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$1.8 million campaign will promote Clean Water Rule in 5 key states

For Immediate Release:

WASHINGTON, DC—With members of a Senate committee voicing their opposition today to restored protections for wetlands and streams, Environment America announced a $1.8 million campaign promoting the Clean Water Rule in five key states.
 
The initiative includes paid advertising, organized phone calls to senators, and person-to-person outreach to more than a quarter of a million households in Maine, Pennsylvania, Virginia, Minnesota, and Colorado. It’s part of the organization’s overall effort to galvanize public support for restored protections to 2 million miles of streams and wetlands across the country.

The full page print ads, which run in major newspapers this week, ask readers to thank the president for “restoring Clean Water Act protections to thousands of waterways across America… that help provide drinking water for 117 million Americans.” 

“From the Rappahannock, to the Mississippi, to the Colorado, our rivers will be cleaner thanks to President Obama’s historic action,” said John Rumpler, senior attorney with Environment America, “and so will the drinking water for one in three Americans.”

Dozens of businesses, public health groups, elected officials and other environmental groups cosponsored the ad in each state—a measure of the broad support the Obama administration’s Clean Water Rule has earned.

“We understand and honor the necessity of keeping our waterways clean and restoring waterways nationwide so that the craft beer industry may continue to flourish,” said Willis Brown of Colorado’s Aspen Brewing Company, one of the many brewers to cosponsor the ad campaign.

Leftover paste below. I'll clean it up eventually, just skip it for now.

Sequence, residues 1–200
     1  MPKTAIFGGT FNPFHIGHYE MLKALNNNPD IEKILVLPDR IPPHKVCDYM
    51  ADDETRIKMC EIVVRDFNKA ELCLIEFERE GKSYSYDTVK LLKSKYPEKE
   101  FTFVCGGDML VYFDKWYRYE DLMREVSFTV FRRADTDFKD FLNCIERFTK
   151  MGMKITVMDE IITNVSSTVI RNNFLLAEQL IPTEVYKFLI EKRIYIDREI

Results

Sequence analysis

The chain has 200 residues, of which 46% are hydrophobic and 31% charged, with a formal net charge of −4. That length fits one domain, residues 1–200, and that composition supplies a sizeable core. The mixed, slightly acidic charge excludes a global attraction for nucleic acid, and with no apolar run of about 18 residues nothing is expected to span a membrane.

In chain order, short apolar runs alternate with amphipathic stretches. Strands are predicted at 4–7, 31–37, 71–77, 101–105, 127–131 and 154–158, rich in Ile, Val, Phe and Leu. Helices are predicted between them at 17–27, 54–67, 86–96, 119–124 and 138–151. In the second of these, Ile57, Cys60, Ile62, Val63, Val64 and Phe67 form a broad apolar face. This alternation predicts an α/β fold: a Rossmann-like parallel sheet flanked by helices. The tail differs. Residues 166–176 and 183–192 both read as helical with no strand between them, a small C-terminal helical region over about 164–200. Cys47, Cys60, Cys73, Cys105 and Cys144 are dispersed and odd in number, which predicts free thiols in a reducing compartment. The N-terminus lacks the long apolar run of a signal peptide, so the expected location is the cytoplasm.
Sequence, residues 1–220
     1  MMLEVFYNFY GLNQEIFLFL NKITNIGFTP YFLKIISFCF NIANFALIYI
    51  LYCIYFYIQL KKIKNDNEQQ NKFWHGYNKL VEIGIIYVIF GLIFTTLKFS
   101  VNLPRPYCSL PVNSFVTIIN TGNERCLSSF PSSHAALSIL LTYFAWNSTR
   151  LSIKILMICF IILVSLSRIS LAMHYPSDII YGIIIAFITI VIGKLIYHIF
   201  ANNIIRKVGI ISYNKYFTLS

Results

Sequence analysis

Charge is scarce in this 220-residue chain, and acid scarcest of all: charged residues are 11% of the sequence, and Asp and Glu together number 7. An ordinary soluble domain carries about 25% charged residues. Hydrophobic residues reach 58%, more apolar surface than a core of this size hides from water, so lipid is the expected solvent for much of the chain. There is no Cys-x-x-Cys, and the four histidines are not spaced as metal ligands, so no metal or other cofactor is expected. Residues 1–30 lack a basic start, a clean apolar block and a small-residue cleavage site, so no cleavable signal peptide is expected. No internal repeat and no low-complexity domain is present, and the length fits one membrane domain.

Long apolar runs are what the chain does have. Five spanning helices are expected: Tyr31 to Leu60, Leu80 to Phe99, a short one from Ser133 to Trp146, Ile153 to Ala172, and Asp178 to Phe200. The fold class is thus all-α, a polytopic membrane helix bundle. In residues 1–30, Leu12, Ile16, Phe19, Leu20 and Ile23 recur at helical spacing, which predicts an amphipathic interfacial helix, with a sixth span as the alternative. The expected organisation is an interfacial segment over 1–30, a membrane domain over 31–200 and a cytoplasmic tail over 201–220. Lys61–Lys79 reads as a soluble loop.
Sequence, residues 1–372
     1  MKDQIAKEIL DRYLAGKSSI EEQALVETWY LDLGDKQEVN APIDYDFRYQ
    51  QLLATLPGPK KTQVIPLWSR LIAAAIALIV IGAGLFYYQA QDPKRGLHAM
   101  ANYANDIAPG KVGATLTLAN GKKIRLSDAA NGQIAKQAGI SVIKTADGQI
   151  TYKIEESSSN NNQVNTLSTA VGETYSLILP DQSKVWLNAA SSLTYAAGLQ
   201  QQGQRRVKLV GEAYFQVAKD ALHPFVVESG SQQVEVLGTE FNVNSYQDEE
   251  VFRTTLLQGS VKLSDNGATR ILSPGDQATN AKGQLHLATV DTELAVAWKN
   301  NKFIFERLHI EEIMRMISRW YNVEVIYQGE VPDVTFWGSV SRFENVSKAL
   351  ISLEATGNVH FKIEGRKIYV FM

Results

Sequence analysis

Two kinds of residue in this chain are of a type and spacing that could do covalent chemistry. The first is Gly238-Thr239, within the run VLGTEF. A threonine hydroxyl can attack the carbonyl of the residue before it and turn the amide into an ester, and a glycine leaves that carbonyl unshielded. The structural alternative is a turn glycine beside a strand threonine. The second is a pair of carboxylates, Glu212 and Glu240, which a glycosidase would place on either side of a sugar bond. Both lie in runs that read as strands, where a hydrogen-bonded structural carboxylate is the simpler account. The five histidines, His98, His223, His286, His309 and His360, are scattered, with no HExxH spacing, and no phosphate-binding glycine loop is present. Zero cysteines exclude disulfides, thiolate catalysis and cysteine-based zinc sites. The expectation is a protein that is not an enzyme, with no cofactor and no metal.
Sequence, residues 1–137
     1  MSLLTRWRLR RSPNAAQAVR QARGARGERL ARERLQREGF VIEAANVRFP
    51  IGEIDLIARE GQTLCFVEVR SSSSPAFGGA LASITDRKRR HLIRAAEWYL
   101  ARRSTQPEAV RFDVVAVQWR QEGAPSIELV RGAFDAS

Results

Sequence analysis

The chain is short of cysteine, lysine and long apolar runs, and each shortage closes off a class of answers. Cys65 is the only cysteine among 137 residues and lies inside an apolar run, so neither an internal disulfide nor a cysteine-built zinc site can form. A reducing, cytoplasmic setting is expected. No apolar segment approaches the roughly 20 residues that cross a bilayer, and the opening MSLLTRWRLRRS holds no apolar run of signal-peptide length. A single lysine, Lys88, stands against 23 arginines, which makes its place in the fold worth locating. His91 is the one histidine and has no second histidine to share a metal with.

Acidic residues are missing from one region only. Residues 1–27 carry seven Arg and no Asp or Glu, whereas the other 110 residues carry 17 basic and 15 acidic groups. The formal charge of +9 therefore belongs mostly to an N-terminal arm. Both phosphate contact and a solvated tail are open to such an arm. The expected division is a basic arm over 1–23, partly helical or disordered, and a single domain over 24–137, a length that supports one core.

“You can’t have healthy food without healthy soil, and you can’t have healthy soil without clean water,” said Heather Spalding, deputy director of the Maine Organic Farmers and Gardeners Association, among several farmers supporting the ad.

Last week, Obama administration officials finalized the rule to restore Clean Water Act protections to small streams and wetlands that have been vulnerable to pollution and development for a decade or more. The move was backed by over 80 percent of the American public, 800,000 comments, and more than 1,000 farmers, mayors, and small businesses.

Big developers, polluting industries, and other special interests have lined up against the Clean Water Rule, however, and congressional leaders are following their lead. Today’s resolution in a Senate small business committee is one of several votes Congress has taken to oppose safeguards for small streams and wetlands.

Despite multiple votes and millions spent against the Clean Water Rule, the president and his officials have stood firm against the attacks, championing the protections for streams and wetlands as good for public health as well as the economy.

With continued advocacy from the Obama administration, broad support from the public, and strong backing from enough members of Congress -- including those representing the five key states -- the Clean Water Rule can survive attacks from the polluters, said Environment America.

“We want to make sure senators from these states know how popular the Clean Water Rule is,” said Rumpler, “and that they continue to stand up for our rivers, lakes, and drinking water every step of the way.”